“Yer not gettin’ kayaks” she said in her thick Scottish brogue. Our bluff as “experienced kayakers,” who could handle the rocky coastal waters off the shore of Scotland, was evidently unconvincing. As the day’s adventure came crashing down on the rocky shore of reality, we did the only next logical thing – made our way to the Oban distillery. Founded while Robespierre was dragging people to the guillotine, this capitol city of the Argyll began producing what today is one of the finest and oldest single malt scotch whiskeys in the world. As is typical with distillery tours, the over-enthusiasm of the guide never seems to compensate for the desire to arrive at the sampling room. But on this particular occasion, a few details from the tour were actually retained, and provided an insight into the nature of friendship and reconciliation.
The brewing of beer and the distilling of Scotch are surprisingly similar: the malting and grinding of barley, the cooking and separating of the wort, fermenting with yeast and the casking. Other than the addition of hops to the brewing process, it follows a similar order. But the difference between the 63.5% alcohol content of Scotch, and the 4.3% content of Guinness lies in a rather intense and complex process, known as distilling. Instead of the one time fermentation of beer, the distilling (boiling the wash to a vapor which then passes back into liquid ethanol) occurs over and over again until the proper potency is reached.
Aristotle distinguishes what he calls pleasant friendships and true friendships: both are good and essential to life, in the way that both beer and scotch are good … and essential to life. But they are indeed different, and the latter is uncommon because of the intensity of the process by which it comes to be. For in both Scotch and true friendship, the substance literally transforms itself, in a series of repetitions, to create something of surpassing worth and richness. So life brings us pleasant friendships of beer, to be enjoyed in good quantities; but do we really have the true friendships of Scotch, which Aristotle says only a occur a few times in a lifetime? And the more frightening question: given the sociological conditions of the age, do we even desire to cultivate this form of friendship?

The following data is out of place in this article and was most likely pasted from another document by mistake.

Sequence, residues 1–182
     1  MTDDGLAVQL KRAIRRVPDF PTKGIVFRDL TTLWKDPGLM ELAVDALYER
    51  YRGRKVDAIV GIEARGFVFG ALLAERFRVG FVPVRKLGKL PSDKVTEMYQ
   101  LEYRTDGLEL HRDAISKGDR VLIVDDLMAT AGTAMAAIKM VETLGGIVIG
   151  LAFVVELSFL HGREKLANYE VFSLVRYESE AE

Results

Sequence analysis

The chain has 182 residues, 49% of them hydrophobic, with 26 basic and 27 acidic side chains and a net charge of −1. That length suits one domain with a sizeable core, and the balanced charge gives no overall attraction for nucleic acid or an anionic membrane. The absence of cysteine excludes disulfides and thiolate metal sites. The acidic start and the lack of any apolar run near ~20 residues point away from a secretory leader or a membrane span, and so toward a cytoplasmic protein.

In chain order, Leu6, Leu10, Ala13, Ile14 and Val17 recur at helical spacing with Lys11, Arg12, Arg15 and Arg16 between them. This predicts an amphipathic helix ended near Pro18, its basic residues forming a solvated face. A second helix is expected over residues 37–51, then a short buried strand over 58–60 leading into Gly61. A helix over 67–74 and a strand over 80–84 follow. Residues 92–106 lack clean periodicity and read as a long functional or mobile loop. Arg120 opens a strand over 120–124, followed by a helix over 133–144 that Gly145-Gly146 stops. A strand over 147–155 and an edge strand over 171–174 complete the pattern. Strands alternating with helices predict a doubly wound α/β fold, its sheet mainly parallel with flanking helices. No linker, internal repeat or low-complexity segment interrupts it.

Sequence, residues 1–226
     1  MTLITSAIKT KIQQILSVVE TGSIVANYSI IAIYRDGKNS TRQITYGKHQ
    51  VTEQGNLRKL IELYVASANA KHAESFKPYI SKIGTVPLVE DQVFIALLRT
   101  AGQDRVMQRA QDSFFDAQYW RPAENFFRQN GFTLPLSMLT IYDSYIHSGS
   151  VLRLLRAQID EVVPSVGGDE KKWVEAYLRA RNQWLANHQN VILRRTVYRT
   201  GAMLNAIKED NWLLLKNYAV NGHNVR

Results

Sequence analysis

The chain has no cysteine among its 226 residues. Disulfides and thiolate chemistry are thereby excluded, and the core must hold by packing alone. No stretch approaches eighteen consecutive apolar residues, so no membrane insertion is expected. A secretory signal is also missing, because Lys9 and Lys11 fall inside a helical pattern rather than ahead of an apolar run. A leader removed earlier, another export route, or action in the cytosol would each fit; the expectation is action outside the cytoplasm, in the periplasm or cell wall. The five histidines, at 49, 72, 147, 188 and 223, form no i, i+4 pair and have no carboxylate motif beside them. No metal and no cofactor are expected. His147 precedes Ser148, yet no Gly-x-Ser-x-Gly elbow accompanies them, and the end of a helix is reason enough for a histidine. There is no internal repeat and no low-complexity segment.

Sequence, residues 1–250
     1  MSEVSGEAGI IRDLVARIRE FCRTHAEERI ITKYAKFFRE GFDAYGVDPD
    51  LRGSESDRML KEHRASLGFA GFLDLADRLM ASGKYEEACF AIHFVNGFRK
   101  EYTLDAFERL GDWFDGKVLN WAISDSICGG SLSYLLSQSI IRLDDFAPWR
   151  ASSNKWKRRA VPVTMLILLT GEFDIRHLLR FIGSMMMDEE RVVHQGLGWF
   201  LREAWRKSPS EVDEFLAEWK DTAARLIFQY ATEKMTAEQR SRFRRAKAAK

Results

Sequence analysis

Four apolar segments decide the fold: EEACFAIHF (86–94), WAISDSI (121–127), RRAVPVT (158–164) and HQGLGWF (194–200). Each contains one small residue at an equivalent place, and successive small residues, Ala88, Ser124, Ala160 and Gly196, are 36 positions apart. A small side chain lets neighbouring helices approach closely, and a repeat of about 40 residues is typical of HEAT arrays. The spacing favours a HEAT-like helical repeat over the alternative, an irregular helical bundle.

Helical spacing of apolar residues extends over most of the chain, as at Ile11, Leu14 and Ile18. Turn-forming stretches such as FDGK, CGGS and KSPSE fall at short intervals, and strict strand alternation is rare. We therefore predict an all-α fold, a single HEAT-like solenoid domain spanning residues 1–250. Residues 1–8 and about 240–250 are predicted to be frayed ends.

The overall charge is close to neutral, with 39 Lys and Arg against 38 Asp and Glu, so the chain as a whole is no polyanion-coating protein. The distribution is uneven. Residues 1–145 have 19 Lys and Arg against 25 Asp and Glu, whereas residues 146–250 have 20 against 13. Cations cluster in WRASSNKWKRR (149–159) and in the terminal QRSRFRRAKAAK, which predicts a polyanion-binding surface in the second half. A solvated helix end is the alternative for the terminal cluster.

This was recently answered by an Italian for me (an answer to a question I never asked, as is typical in Italy). Americans, he said, are unlike Europeans, who value a few intimate friendships and a large group of acquaintances. We want neither acquaintances nor intimate friendships, and opt instead for a vast median strata of relationships. We push relationships into excessive informality but then strangely block them at the moment of real depth. And I’m afraid it is true. And it is a problem. The majority of men I know do not have true friendships, and I believe one of the reasons for this is the inability to reconcile.
If we want friendships of Scotch, then we need to learn to distill. This distillation process in friendship could be called reconciliation: that painful work whereby relationships dissolve in the vapors of conflict only to return to life in the two-fold act of apology and forgiveness. Living in a post-Christian world, most know this as an apparent good and an obvious truth: but living in a post-Christian world, most never attempt to actually live authentic reconciliation. The consequences of this age are tragic and all too visible; but anyone who has truly undertaken this work knows what a cross it can be.
“In Christ God reconciled the world to himself” (2 Cor 5:19). The Greek word for reconciliation, καταλλάσσω, literally means “towards a transformation.” Its etymological root is simply the Greek word other. Reconciliation is the death of the ego for the life of the other. In Jesus Christ, this is perfectly manifest on the cross, allowing any student of the cross to become an expert in reconciliation. As we reflect briefly on this reality, we offer three points – on the foundation, the nature and the conclusion of the work of reconciling relationships.